Due to the risks associated with large gatherings under the current threat of the COVID-19 virus, we are canceling the Spergel Lecture originally scheduled for Thu, Mar 12. It will be rescheduled for the fall semester.
Viruses are both highly abundant and diverse. They play an integral role in human health and in the environment through their interactions with the surrounding microbial community. Despite their abundance and functional importance, they are largely understudied compared to their bacterial counterparts. I will present our studies on the characterization and discovery of viruses in different environments and the relationship of viruses with their hosts in health, in disease…and in the New York City wastewater system!
Prof. Elodie Ghedin, Ph.D. is a Professor of Biology at the College of Arts and Sciences and Professor of Epidemiology at the College of Global Public Health, New York University. Her laboratory uses comparative genomics, evolutionary biology, and systems biology techniques to generate critical insight about host-pathogen interactions. Prof. Ghedin’s research program meets at the interface of molecular parasitology, microbiology, and genomics and focuses on the molecular basis of macroparasite (nematode) adaptation to niches in their human hosts, and microparasite (virus and bacteria) diversity and interaction in transmission and virulence.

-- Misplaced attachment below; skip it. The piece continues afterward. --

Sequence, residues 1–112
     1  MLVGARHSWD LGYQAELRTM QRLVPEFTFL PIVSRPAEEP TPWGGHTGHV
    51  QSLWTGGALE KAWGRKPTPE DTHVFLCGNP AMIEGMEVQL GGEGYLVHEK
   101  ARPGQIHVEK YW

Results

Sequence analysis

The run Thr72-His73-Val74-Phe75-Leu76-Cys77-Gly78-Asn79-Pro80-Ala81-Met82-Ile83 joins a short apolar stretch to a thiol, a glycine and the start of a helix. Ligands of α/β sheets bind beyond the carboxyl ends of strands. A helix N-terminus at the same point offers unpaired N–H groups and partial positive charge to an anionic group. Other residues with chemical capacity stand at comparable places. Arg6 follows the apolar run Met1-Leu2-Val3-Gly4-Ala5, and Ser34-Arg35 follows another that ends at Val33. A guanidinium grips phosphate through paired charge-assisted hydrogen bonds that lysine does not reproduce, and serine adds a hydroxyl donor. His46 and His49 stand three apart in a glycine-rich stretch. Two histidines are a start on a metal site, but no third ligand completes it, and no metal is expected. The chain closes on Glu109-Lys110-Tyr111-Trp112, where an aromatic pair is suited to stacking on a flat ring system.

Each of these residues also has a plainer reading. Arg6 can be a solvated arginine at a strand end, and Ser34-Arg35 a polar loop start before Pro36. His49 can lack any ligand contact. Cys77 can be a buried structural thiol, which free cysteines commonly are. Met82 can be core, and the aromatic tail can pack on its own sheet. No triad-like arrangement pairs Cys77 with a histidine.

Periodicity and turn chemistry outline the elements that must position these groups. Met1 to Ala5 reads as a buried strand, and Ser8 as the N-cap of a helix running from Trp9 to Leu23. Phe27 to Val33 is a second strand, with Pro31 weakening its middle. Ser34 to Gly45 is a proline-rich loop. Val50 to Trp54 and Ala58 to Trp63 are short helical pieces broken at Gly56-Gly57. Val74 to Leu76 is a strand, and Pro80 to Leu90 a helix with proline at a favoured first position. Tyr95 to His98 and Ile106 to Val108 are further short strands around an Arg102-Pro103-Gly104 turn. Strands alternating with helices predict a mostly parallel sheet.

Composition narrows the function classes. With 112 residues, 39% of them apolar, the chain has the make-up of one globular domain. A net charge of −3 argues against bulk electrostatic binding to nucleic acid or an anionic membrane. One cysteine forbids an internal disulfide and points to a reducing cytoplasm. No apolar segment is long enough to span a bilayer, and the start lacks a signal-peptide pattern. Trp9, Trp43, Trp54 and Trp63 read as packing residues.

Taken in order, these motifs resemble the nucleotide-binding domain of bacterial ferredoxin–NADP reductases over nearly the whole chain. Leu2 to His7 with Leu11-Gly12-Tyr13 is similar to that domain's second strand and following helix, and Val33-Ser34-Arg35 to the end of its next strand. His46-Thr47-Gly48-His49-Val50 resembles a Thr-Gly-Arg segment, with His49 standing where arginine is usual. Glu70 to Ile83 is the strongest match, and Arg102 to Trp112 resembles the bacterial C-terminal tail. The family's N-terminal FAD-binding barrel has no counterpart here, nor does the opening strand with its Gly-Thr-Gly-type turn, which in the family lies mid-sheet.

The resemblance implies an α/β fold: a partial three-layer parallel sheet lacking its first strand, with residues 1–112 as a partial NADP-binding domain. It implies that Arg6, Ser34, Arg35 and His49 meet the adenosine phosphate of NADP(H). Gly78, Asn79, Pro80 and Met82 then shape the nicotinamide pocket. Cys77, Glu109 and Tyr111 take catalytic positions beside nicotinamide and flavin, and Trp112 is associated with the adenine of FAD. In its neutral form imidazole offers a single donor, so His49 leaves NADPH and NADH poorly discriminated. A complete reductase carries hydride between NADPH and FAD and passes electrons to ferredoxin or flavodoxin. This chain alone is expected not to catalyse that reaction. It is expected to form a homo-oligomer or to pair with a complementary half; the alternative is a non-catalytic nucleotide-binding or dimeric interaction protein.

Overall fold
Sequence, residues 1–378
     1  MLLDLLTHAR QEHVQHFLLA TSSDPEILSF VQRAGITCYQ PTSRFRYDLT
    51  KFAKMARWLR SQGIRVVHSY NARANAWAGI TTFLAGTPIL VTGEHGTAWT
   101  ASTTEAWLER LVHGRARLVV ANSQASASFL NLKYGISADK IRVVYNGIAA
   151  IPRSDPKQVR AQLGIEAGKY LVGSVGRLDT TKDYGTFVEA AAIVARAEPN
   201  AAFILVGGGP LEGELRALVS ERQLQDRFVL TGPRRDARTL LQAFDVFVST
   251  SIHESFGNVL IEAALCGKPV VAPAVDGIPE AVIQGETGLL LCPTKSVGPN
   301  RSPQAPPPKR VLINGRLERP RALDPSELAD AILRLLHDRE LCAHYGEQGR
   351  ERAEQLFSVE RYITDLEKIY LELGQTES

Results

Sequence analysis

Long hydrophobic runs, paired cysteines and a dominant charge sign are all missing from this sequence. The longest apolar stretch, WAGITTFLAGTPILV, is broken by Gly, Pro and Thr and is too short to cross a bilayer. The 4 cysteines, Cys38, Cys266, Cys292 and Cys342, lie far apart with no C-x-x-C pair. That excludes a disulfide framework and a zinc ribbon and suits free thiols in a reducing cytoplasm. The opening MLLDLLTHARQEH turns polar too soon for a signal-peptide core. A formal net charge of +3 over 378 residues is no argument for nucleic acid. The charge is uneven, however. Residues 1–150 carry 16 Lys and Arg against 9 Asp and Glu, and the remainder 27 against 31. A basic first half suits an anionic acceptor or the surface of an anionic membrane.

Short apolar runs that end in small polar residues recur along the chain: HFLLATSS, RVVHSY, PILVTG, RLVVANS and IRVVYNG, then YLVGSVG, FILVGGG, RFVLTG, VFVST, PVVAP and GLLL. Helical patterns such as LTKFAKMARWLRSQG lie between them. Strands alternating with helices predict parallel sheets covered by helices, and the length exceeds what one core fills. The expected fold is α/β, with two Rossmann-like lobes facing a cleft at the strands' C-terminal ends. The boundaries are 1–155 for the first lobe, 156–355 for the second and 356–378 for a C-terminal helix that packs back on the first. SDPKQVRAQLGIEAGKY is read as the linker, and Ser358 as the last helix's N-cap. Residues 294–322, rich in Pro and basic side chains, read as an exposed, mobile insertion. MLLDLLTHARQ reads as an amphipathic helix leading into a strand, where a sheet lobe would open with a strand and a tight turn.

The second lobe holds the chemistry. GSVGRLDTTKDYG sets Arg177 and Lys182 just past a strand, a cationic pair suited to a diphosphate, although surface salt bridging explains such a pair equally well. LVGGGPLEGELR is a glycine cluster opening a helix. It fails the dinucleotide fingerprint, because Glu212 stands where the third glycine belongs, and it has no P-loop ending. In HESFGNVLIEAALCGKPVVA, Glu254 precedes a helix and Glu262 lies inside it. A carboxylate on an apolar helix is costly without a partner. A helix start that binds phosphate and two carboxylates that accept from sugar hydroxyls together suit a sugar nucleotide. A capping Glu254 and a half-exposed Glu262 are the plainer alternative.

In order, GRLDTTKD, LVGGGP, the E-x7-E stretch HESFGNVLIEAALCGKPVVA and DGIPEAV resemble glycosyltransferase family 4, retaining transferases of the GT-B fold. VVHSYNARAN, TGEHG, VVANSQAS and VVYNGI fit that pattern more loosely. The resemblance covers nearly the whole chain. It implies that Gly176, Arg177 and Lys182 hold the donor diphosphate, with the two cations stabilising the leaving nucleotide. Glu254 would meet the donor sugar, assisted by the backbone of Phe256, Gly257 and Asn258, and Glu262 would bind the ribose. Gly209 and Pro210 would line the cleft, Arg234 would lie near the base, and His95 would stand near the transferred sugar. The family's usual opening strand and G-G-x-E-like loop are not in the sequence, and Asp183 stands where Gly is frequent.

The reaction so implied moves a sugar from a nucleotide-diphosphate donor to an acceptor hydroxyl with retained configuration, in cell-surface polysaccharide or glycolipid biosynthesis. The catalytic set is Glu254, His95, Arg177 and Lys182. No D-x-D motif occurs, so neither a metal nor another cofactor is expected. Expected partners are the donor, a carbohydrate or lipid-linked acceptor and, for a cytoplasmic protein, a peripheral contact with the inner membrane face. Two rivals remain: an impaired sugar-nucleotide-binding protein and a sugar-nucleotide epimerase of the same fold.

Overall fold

Prof. Ghedin received her BS in Biology and Ph.D. in Molecular Parasitology from McGill University (Montreal, Canada). She was named a MacArthur Foundation Fellow (2011), A Kavli Frontier of Science Fellow (2012), and an American Academy of Microbiology Fellow (2017).
Professor Timothy Paglione, Ph.D., Chair of the Department of Earth & Physical Sciences
Thursday, March 12, 2020
Academic Core Building 3H13